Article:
A protecting spirit, analogous to the guardian angels invoked by the Church of Rome. The belief in such spirits existed both in Greece and at Rome. The Greeks called them δαίμονες, daemons, and appear to have believed in them from the earliest times, though Homer does not mention them.

The Romans seem to have received their theory concerning the genii from the Etruscans, though the name genius itself is Latin (it is connected with gen-itus, γί-γν-ομαι, and equivalent in meaning to generator or father; see Augustine.2 The genii of the Romans are frequently confounded with the Manes, Lares, and Di Penates;3 and they have indeed one great feature in common, viz. that of protecting mortals; but there seems to be this essential difference, that the genii are the powers which produce life (dii genitales), and accompany man through it as his second or spiritual self, whereas the other powers do not begin to exercise their influence till life, the work of the genii, has commenced. The genii were further not confined to man, but every living being, animal as well as mall, and every place, had its genius.4 Every human being at his birth obtains (sortitur) a genius. Horace5 describes this genius as vultu mutabilis, whence we may infer either that he conceived the genius as friendly towards one person, and as hostile towards another, or that he manifested himself to the same person in different ways at different times, i.e. sometimes as a good, and sometimes as an evil genius. The latter supposition is confirmed by the statement of Servius,6 that at our birth we obtain two genii, one leading us to good, and the other to evil, and that at our death by their influence we either rise to a higher state of existence, or are condemned to a lower one. The spirit who appeared to Cassius, saving, "We shall meet again at Philippi," is expressly called his evil spirit, κακοδαίμων, cacodaemon.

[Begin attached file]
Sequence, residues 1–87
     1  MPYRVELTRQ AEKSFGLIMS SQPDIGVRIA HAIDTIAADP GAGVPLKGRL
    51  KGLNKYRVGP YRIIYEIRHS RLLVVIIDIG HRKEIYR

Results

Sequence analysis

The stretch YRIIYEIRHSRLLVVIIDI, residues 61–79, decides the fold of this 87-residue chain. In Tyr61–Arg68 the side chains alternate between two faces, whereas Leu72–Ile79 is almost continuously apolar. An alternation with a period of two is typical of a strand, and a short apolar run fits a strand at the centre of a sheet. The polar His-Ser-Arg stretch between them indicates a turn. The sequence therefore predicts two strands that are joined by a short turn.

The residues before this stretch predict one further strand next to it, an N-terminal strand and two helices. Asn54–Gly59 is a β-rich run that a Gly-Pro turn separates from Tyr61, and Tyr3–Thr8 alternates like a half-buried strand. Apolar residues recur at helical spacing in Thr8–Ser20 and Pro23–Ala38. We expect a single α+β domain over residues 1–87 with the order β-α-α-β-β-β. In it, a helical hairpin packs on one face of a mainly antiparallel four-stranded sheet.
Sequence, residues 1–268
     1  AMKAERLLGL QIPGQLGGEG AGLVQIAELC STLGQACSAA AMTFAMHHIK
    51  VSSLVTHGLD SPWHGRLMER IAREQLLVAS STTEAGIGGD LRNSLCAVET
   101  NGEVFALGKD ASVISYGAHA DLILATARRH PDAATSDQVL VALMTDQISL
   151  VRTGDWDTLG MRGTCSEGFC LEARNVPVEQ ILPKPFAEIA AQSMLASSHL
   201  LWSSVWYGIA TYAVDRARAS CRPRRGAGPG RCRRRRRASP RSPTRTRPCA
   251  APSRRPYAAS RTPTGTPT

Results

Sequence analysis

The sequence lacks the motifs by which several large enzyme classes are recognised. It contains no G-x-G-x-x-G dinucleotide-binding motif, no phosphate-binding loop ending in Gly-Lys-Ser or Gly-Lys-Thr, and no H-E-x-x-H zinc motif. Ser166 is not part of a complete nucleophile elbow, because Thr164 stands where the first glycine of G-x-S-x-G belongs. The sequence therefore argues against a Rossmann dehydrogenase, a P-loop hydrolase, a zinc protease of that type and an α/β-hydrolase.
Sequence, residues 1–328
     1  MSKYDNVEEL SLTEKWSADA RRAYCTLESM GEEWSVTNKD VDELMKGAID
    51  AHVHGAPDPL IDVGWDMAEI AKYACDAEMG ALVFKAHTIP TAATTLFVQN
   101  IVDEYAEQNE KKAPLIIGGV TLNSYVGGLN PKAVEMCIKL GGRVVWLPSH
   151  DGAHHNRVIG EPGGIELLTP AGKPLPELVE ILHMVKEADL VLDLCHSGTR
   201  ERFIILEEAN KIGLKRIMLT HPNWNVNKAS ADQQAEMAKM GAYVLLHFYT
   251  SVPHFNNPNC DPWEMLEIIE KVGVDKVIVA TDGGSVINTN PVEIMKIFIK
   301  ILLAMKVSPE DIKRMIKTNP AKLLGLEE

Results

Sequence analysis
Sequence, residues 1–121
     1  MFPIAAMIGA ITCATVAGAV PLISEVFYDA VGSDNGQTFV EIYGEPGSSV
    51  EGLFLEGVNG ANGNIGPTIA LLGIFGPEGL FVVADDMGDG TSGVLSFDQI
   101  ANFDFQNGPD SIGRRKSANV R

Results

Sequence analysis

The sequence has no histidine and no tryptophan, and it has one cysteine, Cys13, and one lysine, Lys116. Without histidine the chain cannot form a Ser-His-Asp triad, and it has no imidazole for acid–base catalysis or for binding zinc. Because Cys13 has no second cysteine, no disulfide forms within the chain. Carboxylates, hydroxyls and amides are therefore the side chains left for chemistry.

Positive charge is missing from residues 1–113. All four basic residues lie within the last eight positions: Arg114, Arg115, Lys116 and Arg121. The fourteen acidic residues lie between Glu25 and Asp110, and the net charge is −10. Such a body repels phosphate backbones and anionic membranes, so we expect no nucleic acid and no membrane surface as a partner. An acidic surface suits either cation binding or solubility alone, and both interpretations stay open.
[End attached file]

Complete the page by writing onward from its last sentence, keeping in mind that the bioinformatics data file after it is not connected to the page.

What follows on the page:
Women called their genius Juno;7 and as we may thus regard the genii of men as being in some way connected with Jupiter, it would follow that the genii were emanations from the great gods. Every man at Rome had his own genius, whom he worshiped as sanctus et sanctissimus deus, especially on his birthday, with libations of wine, incense, and garlands of flowers.8 The bridal bed was sacred to the genius, on account of his connection with generation, and the bed itself was called lectus genialis. On other merry occasions, also, sacrifices were offered to the genius, and to indulge in merriment was not infrequently expressed by genio indulgere, genium curare or placare.

The whole body of the Roman people had its own genius, who is often seen represented on coins of Hadrian and Trajan.9 He was worshiped on sad as well as joyous occasions; thus, e.g. sacrifices (majores hostiae caesae quinque10) were offered to him at the beginning of the second year of the Hannibalian war. It was observed above that, according to Servius,11 every place had its genius, and he adds, that such a local genius, when he made himself visible, appeared in the form of a serpent, that is, the symbol of renovation or of new life.


The genii are usually represented in works of art as winged beings, and on Roman monuments a genius commonly appears as a youth dressed in the toga, with a patera or cornucopia in his hands, and his head covered; the genius of a place appears in the form of a serpent eating fruit placed before him.




  • Hartung, J.A. Die Religion der Römer. Vol. 1, p. 32 ff.
  • Schömann. (1840). De Diis Manibus, Laribus, et Geniis. Greifswald.
  • Smith, William. (1870). Dictionary of Greek and Roman Biography and Mythology. London: Taylor, Walton, and Maberly.

This article incorporates text from Dictionary of Greek and Roman Biography and Mythology (1870) by William Smith, which is in the public domain.